Auto-Enroll IRA Program Approved in NYC

The city council also voted to establish a retirement savings board to facilitate the implementation the retirement security program.

The New York City Council voted Thursday to approve a measure to create a city-facilitated retirement savings program for private sector employees.

The legislative action would create a mandatory automatic enrollment individual retirement account (IRA) program for employers that do not offer a retirement plan and employ at least five people. It awaits the mayor’s signature or veto.

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According to a summary published on the City Council website, the default employee contribution rate would be 5%, which employees could adjust up or down, or opt out of at any time, up to the annual IRA maximum of $6,000 (or $7,000 if age 50 or above). The plan would be portable, so that when employees switch jobs they can continue to contribute or roll over their accounts into other retirement savings plans.

Employers would not contribute on behalf of employees.

The council also voted to establish a retirement savings board to facilitate the implementation the retirement security program. The board would consist of three members, who would be appointed by the New York City mayor.

The powers of the board would include determining the start date of the program, entering into contracts with financial institutions and administrators, minimizing fees and costs associated with the administration of the program, creating a process for those not employed by a covered employer to participate, and conducting education and outreach to employers and employees.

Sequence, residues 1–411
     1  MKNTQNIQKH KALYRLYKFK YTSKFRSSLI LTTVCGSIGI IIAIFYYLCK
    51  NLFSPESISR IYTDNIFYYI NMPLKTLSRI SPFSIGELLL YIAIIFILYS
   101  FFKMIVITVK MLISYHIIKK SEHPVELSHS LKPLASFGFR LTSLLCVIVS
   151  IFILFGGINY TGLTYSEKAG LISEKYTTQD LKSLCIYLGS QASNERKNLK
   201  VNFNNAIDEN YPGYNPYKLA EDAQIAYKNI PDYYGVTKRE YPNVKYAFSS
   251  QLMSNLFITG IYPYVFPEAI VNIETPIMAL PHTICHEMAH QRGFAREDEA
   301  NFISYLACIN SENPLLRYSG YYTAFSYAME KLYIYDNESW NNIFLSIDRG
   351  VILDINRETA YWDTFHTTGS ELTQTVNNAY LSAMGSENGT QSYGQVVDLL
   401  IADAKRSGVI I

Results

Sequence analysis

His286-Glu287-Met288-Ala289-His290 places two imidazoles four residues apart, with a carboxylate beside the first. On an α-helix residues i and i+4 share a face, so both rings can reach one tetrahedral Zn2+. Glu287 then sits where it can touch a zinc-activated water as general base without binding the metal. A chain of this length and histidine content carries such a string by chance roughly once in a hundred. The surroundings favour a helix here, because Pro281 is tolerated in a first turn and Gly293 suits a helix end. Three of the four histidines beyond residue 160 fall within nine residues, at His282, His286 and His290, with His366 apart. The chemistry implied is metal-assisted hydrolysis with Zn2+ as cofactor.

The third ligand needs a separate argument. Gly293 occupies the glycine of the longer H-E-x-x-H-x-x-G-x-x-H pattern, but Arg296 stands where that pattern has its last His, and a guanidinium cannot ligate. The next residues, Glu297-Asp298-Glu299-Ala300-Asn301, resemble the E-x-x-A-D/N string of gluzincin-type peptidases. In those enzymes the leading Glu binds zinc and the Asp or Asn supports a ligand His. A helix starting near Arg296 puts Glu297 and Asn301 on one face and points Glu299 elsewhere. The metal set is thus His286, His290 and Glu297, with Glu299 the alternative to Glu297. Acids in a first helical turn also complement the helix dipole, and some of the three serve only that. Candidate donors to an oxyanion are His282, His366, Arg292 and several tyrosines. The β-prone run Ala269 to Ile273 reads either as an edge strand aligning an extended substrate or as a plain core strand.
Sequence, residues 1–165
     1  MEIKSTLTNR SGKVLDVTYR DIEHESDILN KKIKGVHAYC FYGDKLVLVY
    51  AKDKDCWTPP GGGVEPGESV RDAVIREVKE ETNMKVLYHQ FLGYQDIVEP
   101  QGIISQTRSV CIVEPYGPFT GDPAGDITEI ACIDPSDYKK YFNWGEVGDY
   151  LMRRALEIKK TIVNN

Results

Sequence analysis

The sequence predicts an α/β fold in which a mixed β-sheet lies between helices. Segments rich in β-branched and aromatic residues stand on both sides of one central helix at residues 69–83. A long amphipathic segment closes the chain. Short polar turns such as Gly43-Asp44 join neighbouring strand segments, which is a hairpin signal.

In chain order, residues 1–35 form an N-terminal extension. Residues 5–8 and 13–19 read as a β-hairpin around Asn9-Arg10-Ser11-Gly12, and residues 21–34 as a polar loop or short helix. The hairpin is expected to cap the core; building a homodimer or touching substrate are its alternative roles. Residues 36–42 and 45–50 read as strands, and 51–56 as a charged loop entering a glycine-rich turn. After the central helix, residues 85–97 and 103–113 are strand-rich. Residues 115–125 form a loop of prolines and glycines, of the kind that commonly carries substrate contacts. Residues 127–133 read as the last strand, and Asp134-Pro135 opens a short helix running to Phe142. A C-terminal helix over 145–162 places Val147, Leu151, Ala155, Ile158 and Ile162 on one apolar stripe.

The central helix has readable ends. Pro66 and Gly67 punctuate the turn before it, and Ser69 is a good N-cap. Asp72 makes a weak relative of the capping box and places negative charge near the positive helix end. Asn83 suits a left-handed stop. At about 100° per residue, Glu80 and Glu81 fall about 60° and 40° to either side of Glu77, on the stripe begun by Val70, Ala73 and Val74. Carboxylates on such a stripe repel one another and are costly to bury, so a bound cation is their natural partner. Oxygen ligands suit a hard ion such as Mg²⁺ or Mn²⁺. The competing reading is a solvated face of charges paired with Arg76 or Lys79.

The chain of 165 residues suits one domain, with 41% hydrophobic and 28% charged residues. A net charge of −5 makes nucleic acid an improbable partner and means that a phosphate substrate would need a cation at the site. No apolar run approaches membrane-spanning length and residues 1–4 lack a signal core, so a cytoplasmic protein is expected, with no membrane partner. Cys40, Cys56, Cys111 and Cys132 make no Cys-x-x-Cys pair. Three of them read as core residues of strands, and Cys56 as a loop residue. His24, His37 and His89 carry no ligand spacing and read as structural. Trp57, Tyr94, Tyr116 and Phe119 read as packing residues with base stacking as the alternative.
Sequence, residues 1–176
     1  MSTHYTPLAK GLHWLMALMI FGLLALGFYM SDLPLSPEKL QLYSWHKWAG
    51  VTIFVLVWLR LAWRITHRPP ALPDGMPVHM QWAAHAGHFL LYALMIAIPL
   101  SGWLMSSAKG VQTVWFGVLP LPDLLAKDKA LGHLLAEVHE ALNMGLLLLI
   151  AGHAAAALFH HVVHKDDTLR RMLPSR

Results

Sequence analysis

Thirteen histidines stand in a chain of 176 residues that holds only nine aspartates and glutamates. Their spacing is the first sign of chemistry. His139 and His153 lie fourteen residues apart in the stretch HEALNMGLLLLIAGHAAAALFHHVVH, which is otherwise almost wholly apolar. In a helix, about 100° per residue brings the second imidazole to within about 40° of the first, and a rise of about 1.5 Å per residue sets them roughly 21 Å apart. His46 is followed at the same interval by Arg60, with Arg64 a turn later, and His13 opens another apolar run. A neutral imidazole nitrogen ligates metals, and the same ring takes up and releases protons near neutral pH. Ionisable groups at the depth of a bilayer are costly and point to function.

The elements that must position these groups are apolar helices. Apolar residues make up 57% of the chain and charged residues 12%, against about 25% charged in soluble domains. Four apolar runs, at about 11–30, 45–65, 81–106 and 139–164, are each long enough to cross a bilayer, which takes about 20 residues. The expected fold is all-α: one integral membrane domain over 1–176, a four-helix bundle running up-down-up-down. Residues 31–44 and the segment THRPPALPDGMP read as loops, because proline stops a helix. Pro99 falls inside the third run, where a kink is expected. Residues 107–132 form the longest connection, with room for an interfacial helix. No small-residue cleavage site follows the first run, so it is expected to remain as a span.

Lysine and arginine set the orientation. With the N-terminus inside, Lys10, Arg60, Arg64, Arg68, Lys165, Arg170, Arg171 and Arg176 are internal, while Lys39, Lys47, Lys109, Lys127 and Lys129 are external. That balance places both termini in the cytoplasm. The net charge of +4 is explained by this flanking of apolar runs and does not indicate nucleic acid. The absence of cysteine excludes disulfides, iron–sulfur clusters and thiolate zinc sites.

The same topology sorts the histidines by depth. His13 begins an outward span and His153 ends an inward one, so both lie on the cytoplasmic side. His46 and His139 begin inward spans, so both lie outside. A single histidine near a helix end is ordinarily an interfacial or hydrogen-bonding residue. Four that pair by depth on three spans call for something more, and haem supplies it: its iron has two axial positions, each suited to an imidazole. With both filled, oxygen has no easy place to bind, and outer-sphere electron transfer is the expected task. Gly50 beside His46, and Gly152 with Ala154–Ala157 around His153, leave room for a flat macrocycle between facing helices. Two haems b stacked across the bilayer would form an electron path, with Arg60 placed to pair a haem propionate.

According to the council’s summary, the board would work with the New York City comptroller—who is responsible for managing trust funds held by the city, such as the pension funds—to select the investment strategies and policies. The board would be required to report annually on its activities and actions. The bill technically takes effect in 90 days, but the board has been granted up to two years to implement the program.

The council summary cites the fact that, out of roughly 3.5 million private sector workers in New York City, only about 41% have access to an employer-sponsored retirement plan. This is lower than the national average, which the council estimates at 53%, and down from 49% a decade ago. Even more troubling, according to the council’s data, 40% of New Yorkers near retirement age have less than $10,000 saved for retirement.

“Even in our beloved but expensive city where the cost of living is high, every New Yorker should be able to save for retirement, says Council Member Ben Kallos, who is an ERISA [Employee Retirement Income Security Act] attorney. “This legislation is a huge first step in helping generations of New Yorkers working for small businesses to save and be that much more ready to be self-sufficient when it is time to retire. With this legislation, New York City is leading the way by providing residents something in addition to their Social Security.”

Sources view state-run retirement savings plans as useful for improving retirement readiness, as well as a potential business opportunity for advisers. At a high level, experts say, the states and cities that are offering these plans realize that they will face strains on their social insurance, food assistance and Medicaid resources if they do not help their residents who are not saving for retirement do something. Because the federal government has not acted in this area, they are stepping into the void.